Individuals have a right to participate in risky research trials, which might harm their health or even kill them

Patient participation in high-risk research could benefit novel drug trials

Published on September 19, 2013 at 2:47 AM         ·

Individuals have a right to participate in risky research trials, which might harm their health or even kill them, and institutional review boards (known as research ethics committees in the UK) – which are responsible for deciding whether a particular research trial can take place in a given institution – are potentially impeding the progress of research by rejecting such studies on ethical grounds, according to a Viewpoint published in The Lancet today [Wednesday 18 September].

Dr David Shaw, of the Institute for Biomedical Ethics, at the University of Basel, Switzerland, argues that “Institutional review boards should never reject a study because it poses too high a risk to participants, and that their role should be confined to ensuring that risks and any potential benefits are fully explained to potential participants. Everyone should have the right to participate in research without paternalistic decisions about risk being made on their behalf.”

It has been argued that patients who participate in trials – particularly those who are terminally ill – are often under what is termed “the therapeutic misconception”, whereby they wrongly believe that they will benefit from participation in a study, even if they are told they might not. Ethics committees frequently deny approval for trials where patients are seen as unlikely to benefit from treatment offered during the trial.

However, Dr Shaw argues that instead of this overly paternalistic approach, institutional review boards should instead ensure that trial participants fully understand the risks involved, and if they still want to take part, they should not be prevented from doing so. Furthermore, he suggests that relaxing attitudes towards patient participation in risky research could greatly benefit some research programmes, particularly for novel drugs where, in the early stages of development, trials are often difficult or impossible to approve, because of uncertainty about prospective harm or benefit.

“Why potential participants should be denied the opportunity to participate in trials that pose even higher risks if they wish to do so, is unclear,” says Dr Shaw. “Competent adults can, for example, go skydiving, potholing, or bungee jumping. All of these sports are highly dangerous and, unlike research, confer no benefit to society. For example, skydivers have a one in 100 000 risk of death at each jump, and the injury rate is about one in 200. Almost half of bungee jumpers sustain at least minor injury. Why should people not be allowed to run similar or higher risks by participating in societally beneficial clinical research? Although a lot less fun, and also potentially fatal, participation in such research has the potential to help people and demonstrates solidarity with one’s community.”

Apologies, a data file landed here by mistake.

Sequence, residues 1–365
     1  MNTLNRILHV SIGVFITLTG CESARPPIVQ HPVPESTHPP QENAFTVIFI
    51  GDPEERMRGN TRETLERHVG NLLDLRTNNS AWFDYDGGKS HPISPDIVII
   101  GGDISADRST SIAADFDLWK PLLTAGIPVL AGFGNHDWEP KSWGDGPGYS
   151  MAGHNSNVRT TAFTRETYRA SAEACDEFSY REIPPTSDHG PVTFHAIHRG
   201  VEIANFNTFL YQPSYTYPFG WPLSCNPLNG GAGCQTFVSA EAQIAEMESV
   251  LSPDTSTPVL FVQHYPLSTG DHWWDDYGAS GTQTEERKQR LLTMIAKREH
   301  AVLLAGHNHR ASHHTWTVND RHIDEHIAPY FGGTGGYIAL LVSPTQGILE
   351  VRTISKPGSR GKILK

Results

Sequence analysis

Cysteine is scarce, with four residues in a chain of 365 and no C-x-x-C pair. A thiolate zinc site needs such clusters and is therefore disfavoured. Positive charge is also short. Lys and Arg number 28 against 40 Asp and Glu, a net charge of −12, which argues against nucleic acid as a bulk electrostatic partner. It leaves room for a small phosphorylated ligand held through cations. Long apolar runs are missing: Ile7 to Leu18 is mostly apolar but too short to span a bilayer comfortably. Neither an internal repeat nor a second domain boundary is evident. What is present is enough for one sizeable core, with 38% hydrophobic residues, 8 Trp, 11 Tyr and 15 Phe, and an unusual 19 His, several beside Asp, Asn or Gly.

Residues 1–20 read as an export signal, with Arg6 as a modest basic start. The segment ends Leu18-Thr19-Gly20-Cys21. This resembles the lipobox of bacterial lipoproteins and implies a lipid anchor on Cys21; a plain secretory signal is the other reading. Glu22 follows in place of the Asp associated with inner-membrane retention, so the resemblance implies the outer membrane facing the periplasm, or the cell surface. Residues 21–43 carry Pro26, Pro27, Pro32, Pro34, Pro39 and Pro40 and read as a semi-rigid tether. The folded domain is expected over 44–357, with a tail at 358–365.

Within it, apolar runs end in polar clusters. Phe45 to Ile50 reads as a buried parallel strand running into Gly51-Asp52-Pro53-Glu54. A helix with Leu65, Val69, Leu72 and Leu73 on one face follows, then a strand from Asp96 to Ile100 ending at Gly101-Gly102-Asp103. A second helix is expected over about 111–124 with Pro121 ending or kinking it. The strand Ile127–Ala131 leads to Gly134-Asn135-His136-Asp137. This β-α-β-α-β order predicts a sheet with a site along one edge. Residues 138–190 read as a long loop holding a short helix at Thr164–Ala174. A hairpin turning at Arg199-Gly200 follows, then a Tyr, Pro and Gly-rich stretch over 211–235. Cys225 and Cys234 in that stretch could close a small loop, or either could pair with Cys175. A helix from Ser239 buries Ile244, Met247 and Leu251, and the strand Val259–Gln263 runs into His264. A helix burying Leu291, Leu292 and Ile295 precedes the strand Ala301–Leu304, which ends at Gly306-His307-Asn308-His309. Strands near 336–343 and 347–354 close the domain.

“To stop people participating in high-risk research denies them the right to help their communities, patients worldwide, and future generations of patients…Assisted dying is increasingly regarded as acceptable in many developed countries; if healthy people are allowed to participate in high-risk sports that might kill them, and sick people can be assisted in ending their lives, why should both groups not be able to risk dying in a way that potentially benefits society?”

Source: http://www.thelancet.com/

 

Documentary Evidence Reveals Motives of Pharmaceutical “Seeding” Trials

Re-Post for filing 2008

Clinical studies that are designed by pharmaceutical companies to promote use of their drugs are called “seeding” trials. While much has been written about the marketing tactics of the pharmaceutical industry, seeding trials have not been characterized in depth. A new study finds strong documentary evidence of how a pharmaceutical company framed a marketing effort as a clinical trial. Researchers reviewed internal documents that became public during litigation against the drug manufacturer. The company’s marketing division designed the trial, and handled all collection, analysis, and dissemination of data. The company hid their motive for the trial from participants, investigators, and institutional review board members. Researchers concluded that seeding trials are harmful for three reasons: First, because the company disguises its motives, informed consent is impossible; second, good quality research is at risk when marketers – rather than scientists – design a study; and third, the scientific question posed by a seeding trial often has little merit. An accompanying editorial warns institutional research review boards to avoid approving seeding trials and physicians to avoid enrolling their patients in them